Dianne Hausler
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Butterflies & Moths

Small  Cabbage White Butterfly
Pieris rapae

Description: Small to medium butterfly
. Creamy white with black tips to the forewings. Females have two black spots in the center of the forewings. Often mistaken for a moth.
Behaviour: Observed to have a erratic flight pattern when in suburban gardens. Larvae feed openly during the day and can regurgitate a poisonous fluid if threatened by predators.
Development: Females lay pale yellow eggs singularly on the leaves of host food plants (plants that contain mustard glycosideson, such as cabbage, broccoli, brussels sprouts, cauliflower, mustard, radish). Larvae start as a pale yellow but adopt a greenish hue after eating the leaves of the host plants 
.
Body Length: Wingspan 32-46 mm.
Diet: Larvae
feed on cabbage, broccoli, brussels sprouts, cauliflower, mustard radish.
Habitat: Farms and gardens.
Status: Secure.
Notes: Introduced to Australia and first reported in Melbourne in 1929. By the end of the Second World War, the Small Cabbage White Butterfly was widespread across Australia.



Wanderer Butterfly
Danaus plexippus

Description:
Large orange wings with black 'veins' and decorated with white dots decorating on the black outer edges of each wing.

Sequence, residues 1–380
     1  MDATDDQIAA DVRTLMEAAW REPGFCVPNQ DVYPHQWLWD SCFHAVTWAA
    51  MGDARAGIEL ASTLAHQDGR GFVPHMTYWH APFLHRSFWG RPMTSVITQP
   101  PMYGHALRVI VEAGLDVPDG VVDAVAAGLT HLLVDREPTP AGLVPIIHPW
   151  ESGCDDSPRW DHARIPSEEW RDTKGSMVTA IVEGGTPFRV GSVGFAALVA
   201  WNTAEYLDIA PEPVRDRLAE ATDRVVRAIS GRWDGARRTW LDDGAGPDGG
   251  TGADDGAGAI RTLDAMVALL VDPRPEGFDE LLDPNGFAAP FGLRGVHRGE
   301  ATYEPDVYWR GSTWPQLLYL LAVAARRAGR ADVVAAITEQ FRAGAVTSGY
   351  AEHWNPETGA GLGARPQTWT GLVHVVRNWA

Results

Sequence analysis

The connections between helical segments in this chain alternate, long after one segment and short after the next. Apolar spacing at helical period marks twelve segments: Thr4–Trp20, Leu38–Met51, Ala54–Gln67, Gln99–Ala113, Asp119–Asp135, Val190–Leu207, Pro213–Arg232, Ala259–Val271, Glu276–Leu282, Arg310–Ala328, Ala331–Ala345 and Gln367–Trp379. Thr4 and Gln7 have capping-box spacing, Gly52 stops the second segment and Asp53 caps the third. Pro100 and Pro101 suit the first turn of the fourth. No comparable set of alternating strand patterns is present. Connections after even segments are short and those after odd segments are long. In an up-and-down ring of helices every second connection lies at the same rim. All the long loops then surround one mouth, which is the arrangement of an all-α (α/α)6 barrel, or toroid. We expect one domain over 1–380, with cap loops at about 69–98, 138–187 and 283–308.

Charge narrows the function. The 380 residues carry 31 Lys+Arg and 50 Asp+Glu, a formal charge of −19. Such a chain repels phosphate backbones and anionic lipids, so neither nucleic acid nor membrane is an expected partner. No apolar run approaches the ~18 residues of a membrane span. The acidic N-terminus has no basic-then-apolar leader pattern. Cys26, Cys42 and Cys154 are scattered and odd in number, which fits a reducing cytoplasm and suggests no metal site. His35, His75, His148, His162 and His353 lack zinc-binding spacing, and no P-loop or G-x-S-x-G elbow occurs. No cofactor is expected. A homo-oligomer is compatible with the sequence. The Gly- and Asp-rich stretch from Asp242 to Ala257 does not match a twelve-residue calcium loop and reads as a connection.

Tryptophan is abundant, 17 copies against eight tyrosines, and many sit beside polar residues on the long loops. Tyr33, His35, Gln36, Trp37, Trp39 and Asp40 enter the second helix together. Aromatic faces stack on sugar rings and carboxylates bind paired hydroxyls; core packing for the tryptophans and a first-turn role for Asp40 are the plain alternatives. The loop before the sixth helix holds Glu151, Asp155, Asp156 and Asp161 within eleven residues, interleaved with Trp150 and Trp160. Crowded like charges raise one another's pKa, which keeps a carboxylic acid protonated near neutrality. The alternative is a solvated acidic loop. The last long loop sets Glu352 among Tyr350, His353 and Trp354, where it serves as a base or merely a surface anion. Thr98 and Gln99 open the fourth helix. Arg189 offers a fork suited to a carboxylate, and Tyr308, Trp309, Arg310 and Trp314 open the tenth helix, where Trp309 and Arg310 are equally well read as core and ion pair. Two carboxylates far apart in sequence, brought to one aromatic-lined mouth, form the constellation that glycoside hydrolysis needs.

Behaviour: Due to the chemicals found in milkweed and consumed by caterpillars, the
Wanderer Butterfly is protected from birds and other predators. 
The bright colors of larva and adults is said to also function as 'warning colours'. 
Development: Females lay only
one egg on a milkweed leaf. Eggs hatch after four days.
Body Length: Wingspan 95mm.
Diet: C
aterpillars feed exclusively on milkweed. Adult butterflies the drink nectar from a variety of flowers.
Habitat: Open forests, farmlands and woodlands. Widespread.
Status: Secure.


Common Crow Butterfly
Common Crow Butterfly
Euploea core

Description: Glossy black butterfly with prominent white marks along the outer margins of the wing.
Behaviour: Due to the chemicals found in the food plants, which are consumed in their caterpillar stage, the Common Crow Butterfly is protected from many predators by its inedibility. As a result it is commonly often seen. It often flies near shrubs and bushes in search of its host plants for mating and breeding purposes.
Development: Females can lay up to 20 eggs per season.
Body Length: Wingspan 70mm.
Diet: Native plants such as native figs, native hoyas and parsonsia, as well as a variety of introduced plants - such as the oleander.
Habitat: Open forests and woodlands. Widespread from northern to eastern Australia.
Status: Secure.

Orchard Butterfly
Orchard Swallowtail Butterfly
Papilio aegeus

Description: Large black with white butterfly. Cream crescents and red spots on each wing. The female is larger and browner in colour.

Behaviour: Flight is slow and erratic. Wings are held open widely when settled.

D
evelopment: Eggs are smooth, spherical and greenish yellow to pale yellow. Females lay eggs on young shoots of food plants or close to margin in the underside of leaves. The eggs hatch within approximately one week.

Body Length:
 Wingspan Males: 120mm, Females: 140mm

Diet: 
Citrus trees.

Ha
bitat: Woodlands, forests and urban areas of Queensland, New South Wales, Victoria and South Australia.

Status:
Secure.




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